His name is Terence Crawford. He’s the WBO lightweight title holder and is undefeated in 24 professional bouts 24-0 (17). The last time he was seen in the ring this past June, he stopped the highly touted and polished Yuriorkis Gamboa 24-0 (16) to retain his title.
Crawford, age 27, came on starting in the fifth round after absorbing some of Gamboa’s Sunday punches in the early rounds. Terence stopped Gamboa in the ninth round after dropping him in the fifth, eighth and twice in the ninth. The ending was abrupt in its finality and left no question as to who the superior fighter was. And here’s the irony of the fight, Crawford isn’t nearly as physically talented or gifted as Gamboa–not many are–but his defeating him tells us a lot.
Tonight, Crawford defends his title against Raymundo Beltran 29-6-1 (17) in his home town of Omaha, Nebraska.
Beltran, age 33, is tough and likes to slug it out. He’s only been stopped twice but he does get hit a lot. Crawford is a tall order for any lightweight. He’s patient, slick, rangy and he doesn’t get rattled. Terence is a very intelligent fighter/boxer. He’s conservative, technically sound, and has good power. He’ll surely try to keep Beltran on the outside, but will also try to catch him coming in and won’t neglect the body. He’ll let Beltran make the fight and knows that Beltran has no choice but to try and push things, to be the busier guy, and to win by throwing lots of punches and winning over the judges. In other words, he is just the kind of opponent who’ll make Crawford look really good. Crawford’s quicker hands and better basics will cause Beltran a lot of problems as he tries to get inside and past Crawford’s jab.
Crawford is a versatile switch hitter, he can box and hits harder and cleaner than Beltran. I’ve heard some imply that he doesn’t deal well with pressure, but he had an answer and an extra gear to stem the tide whenever Gamboa tried to impose himself physically to seize the fight. Crawford is also terrific at deceiving his opponents into walking into his power. He’ll sometimes step in with a jab and bait his opponent to react to what they sense as pressure. Then he’ll take a half step back and nail them on the way in as they’re looking to go on the offensive. He’s disguises this tactic smoothly.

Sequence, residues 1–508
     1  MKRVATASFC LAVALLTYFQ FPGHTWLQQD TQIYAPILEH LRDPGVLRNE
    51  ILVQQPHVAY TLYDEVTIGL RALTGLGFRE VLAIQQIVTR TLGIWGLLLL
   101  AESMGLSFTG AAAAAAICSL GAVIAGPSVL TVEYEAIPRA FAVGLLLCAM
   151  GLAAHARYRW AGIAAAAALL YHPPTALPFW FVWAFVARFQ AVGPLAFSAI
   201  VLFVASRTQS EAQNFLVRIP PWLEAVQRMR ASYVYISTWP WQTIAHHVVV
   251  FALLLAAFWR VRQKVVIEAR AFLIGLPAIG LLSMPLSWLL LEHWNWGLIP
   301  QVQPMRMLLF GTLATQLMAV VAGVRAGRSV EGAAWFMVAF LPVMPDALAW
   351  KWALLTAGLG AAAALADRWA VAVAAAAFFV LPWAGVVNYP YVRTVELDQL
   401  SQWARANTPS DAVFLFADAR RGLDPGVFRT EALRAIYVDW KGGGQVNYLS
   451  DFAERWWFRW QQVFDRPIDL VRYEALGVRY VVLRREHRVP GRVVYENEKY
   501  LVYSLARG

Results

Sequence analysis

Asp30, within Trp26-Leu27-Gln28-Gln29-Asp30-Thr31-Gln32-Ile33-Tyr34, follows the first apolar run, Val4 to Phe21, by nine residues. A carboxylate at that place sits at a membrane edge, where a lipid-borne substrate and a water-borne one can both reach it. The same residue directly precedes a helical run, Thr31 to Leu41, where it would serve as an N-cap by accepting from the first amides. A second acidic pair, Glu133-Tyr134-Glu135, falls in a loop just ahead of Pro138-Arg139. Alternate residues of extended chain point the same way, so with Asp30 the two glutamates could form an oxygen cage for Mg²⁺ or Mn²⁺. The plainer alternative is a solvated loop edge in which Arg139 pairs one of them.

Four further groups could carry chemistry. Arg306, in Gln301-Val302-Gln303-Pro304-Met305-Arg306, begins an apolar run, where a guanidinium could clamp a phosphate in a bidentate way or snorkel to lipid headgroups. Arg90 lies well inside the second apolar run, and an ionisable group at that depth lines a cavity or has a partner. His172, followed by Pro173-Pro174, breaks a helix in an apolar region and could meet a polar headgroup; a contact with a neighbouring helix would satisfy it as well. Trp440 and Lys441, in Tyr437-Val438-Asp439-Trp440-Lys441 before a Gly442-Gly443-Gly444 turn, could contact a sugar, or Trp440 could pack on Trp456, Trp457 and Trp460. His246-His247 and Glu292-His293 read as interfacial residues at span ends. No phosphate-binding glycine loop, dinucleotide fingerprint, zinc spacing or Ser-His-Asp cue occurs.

Crawford is one of those rare fighters that does everything well and he’s physically stronger than he looks. He makes you pay for trying to crowd him, which is probably what Beltran will try and do, unless he is deterred by Crawford’s power early in the fight. You can’t appreciate Crawford and all the little things he does in the ring by just watching fight him once. No, he won’t blow you away with physicality and strength like Roberto Duran and Shane Mosley did at lightweight. And he’s not an attacker like Julio Cesar Chavez was and isn’t flashy like Floyd Mayweather. But he does have a little of all of them, with the exception of Chavez, in him.
You have to favor Crawford to win the fight. He just has too many ways and weapons to overcome Beltran, along with the means to deliver them, not to mention he does practically everything better. No, Beltran is not a no-hope challenger. The problem is he’s just not versatile enough to better Crawford from outside and he’ll pay a price that will take a toll on him if he tries to impose himself and beat him inside.
If Crawford wins, he’s been talking about moving up to junior welterweight and eventually welterweight. This will make for some highly anticipated action-packed bouts.
“This is my last fight at 135 and then I’m moving up. I’ve been at this weight since I was 17, so that’s 10 years. I just feel like it’s in my best interest to move up. But right now, I’m focused on my next fight against Beltran. … From 140 all the way up to 147, there are a lot of exciting fights to be made in those weight classes. But 140 is next for me and after my fight with Beltran, I’m ready to see what I can do with that division.”
What’s really intriguing about Crawford moving up is this: how will his style and body deal with the transition? As a lightweight, he reminds me of Shane Mosley some in his physicality. Mosley as a lightweight often looked like a man against children when he was confronted by the top contenders. As a lightweight his strength, speed and boxing ability dominated. However, when he moved up to welterweight he used his legs a little more to neutralize the bigger and stronger welterweights he fought. The fighters that beat Shane above 135, and he did skip 140, were able to impose themself on him and force him to have to fight them off instead of allowing him to box them. I have a feeling that when he moves up, Crawford will have to come up with a different approach than he’s using now if he wants to win big fights. 147 may be too ambitious, and he may even have some problems at 140 because the division is stacked. Admittedly, Gamboa was a handful, but he was coming up in weight to fight Crawford, and he clearly got Crawford’s attention in the early stages of the fight.
Crawford, like Mosley, is willing to fight the best in any division. There are some great bouts to be made for him between 140 and 147. No one can predict how it will go for him or how successful he’ll be. But we can predict that we’ll be treated to some really action-packed fights in which there will be some stimulating style clashes.
If Terence Crawford defeats Raymundo Beltran tonight, add his name to the list of fighters to watch in 2015, if it’s not already there.
Frank Lotierzo can be contacted at GlovedFist@Gmail.com
— Photo Credit : Chris Farina – Top Rank